How DGTL Festival Became One of the Most Successful Festivals in the Dutch Scene
Over Easter weekend, Holland-based DGTL Festival will return to its headquarters at the NDSM Docklands after three straight sold-out editions that caused a stir in the Dutch event industry. That means the fourth edition of the festival, occurring March 26-27, 2016, will take on an unprecedented scale when it comes to both musical programming and the role of DGTL’s other core pillars, ART and REVOLUTION.
Three and a half years ago, DGTL began as a gamble to find a new festival concept boasting a more selective approach to programming than most other festivals. When it debuted in Spring 2013, DGTL Festival proved that the bustling Amsterdam festival scene was more than ready to sink its teeth into the newcomer; its debut sold out and established its reputation as the region's newfound festival season opener and a strong festival brand both in and outside of the Netherlands, thanks to event trilogies during Amsterdam Dance Event and even a full festival edition in Barcelona.
What DGTL has emphasized since its conception are its three pillars: Music, ART and REVOLUTION. Music-wise, DGTL sets itself apart with balanced programming. While other festivals hinge on ticket-selling headliners, DGTL evens out its musical assortment by combining those bigger names with a wide variety of local and international upcoming talent, together with unexpected back-to-back sets such as when Job Jobse shared the stage with John Talabot in 2015, churning out one of the most memorable performances that weekend. The festival's lineups and performances feel delightfully risky, and keep the crowd on their toes and thirsty for more. That’s why DGTL also relies significantly on out-of-the-box live acts, like recurring artists as KiNK and Ame. In 2016, the fest's mouthwatering lineup pays even more attention to the techno spectrum by billing such artists as the mighty Nina Kraviz, RØDHÅD and DVS1.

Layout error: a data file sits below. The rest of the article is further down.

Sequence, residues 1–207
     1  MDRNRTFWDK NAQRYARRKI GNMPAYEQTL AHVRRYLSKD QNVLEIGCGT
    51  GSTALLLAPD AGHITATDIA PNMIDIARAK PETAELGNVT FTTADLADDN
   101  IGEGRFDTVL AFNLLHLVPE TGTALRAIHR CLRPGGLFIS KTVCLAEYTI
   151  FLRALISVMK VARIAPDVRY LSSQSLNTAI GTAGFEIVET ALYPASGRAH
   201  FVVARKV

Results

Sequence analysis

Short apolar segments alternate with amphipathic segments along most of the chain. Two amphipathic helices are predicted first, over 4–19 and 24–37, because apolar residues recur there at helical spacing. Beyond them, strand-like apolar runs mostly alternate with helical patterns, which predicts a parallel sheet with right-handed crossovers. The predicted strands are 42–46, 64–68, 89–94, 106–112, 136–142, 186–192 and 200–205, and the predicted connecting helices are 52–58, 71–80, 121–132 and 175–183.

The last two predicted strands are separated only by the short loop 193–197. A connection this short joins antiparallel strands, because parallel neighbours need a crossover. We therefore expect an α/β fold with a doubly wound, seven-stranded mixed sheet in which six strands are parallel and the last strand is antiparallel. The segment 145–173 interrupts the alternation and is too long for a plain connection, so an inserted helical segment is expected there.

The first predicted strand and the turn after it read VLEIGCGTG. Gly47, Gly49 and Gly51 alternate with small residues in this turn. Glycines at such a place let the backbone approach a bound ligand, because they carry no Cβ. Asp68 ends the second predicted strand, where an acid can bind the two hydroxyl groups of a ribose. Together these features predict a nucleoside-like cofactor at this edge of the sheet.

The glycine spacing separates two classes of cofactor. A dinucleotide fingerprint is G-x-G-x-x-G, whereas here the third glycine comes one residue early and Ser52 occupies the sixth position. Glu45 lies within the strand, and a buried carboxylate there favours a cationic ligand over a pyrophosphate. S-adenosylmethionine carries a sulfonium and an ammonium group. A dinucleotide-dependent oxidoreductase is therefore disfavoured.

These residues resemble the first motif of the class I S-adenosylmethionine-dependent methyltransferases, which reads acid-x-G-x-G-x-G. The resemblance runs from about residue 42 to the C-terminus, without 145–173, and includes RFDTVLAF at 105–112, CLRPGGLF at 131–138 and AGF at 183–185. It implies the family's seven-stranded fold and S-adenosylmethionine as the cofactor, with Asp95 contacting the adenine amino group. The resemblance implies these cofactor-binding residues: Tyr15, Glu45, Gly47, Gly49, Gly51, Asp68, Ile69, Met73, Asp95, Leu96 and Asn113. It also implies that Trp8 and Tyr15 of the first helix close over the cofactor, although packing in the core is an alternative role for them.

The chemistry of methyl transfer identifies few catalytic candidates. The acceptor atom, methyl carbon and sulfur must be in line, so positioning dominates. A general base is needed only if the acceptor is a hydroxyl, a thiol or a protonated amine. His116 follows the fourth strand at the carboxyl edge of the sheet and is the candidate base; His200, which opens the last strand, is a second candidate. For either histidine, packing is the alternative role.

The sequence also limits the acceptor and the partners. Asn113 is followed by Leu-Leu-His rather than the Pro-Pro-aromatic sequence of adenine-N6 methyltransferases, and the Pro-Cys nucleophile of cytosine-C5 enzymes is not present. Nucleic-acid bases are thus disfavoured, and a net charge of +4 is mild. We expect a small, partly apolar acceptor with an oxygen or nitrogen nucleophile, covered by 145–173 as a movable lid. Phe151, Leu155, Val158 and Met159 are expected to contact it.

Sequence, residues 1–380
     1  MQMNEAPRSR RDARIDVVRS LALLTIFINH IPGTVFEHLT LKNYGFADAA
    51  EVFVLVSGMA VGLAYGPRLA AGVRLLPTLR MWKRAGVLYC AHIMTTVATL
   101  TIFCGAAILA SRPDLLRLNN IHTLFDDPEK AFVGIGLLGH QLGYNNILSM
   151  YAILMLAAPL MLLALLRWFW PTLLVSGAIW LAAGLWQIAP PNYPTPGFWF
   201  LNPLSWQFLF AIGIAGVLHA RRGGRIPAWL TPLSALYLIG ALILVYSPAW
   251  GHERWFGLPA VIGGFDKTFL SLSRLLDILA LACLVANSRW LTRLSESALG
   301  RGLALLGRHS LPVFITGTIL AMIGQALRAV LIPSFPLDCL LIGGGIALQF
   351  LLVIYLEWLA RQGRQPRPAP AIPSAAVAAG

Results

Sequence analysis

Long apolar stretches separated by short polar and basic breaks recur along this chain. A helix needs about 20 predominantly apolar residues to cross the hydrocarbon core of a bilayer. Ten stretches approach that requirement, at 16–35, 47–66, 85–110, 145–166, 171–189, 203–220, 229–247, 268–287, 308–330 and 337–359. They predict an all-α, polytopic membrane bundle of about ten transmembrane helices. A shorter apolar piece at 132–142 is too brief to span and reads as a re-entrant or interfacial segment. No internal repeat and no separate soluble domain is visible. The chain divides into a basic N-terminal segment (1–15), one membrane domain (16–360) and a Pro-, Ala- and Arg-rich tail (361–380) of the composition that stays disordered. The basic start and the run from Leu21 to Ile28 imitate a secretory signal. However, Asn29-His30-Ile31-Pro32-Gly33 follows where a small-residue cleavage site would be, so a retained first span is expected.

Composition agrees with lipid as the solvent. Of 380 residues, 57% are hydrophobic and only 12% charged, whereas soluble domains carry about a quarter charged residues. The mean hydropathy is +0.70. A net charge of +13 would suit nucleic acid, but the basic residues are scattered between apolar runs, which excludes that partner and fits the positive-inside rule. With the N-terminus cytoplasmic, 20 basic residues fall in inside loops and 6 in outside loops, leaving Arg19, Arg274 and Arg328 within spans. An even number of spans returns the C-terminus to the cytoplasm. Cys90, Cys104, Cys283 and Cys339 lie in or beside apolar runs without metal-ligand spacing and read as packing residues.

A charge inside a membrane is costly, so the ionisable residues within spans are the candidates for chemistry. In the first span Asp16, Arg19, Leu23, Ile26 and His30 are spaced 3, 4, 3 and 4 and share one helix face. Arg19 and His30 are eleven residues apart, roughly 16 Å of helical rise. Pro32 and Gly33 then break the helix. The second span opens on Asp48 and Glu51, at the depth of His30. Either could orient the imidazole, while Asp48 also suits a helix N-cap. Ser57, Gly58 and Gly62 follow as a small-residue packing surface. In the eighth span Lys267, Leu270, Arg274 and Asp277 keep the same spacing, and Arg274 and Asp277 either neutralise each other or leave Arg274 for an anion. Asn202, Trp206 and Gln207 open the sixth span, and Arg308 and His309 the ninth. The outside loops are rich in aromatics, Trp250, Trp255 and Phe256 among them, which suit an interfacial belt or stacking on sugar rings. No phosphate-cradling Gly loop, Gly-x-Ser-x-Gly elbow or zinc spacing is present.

That same taste for excitement also translates to DGTL’s second pillar, ART, which was born from the need to manifest cultural and artistic projects within the festival concept. This led to displaying a range of onsite conceptual art performances and set-ups that engage visitors beyond the loud music and general festival madness. It speaks to the core of DGTL’s mission to create an unparalleled festival experience from which people can come away with some extra – an eye-opening moment or something to think about long after the festival ends.
This year’s theme will be Installation Art. The concept will revolve around a sky-high transmission tower that intercommunicates with smaller towers scattered across the vast NDSM terrain. A creation of Altijd Raak, the recent winner of the festival's annual Art Pitch – a competition that allows a group of design artists to build and host their own art installation at DGTL – the ten-meter-high tower will allow guests step into a mysterious world of lights, mirrors, and sound.
DGTL's third pillar might be the fest's most ambitious one yet. REVOLUTION was designed as a way of efficiently and compellingly bringing about real changes to the way this community produces festivals, and especially what we all leave behind. This year the fest will collect plastic cups – the ecological nightmare of the festival world – and recycle them for other uses such as art or fully working skateboards. The biggest changes this year will be the presence of reusable drinking cups and one stage being run completely on solar power. Like the fest's other core elements, REVOLUTION is a work in progress with the end goal being a fully self-sufficient festival.
DGTL has been blessed with a remarkable journey and meteoric rise in an extremely short time. Its potent mix of resolute underground dance music programming; conceptual art to give a meaningful dimension to the festival experience; and a forward-thinking ethos of sustainability and environmental responsibility have all helped turn DGTL into an international force to be reckoned with. Let the countdown begin.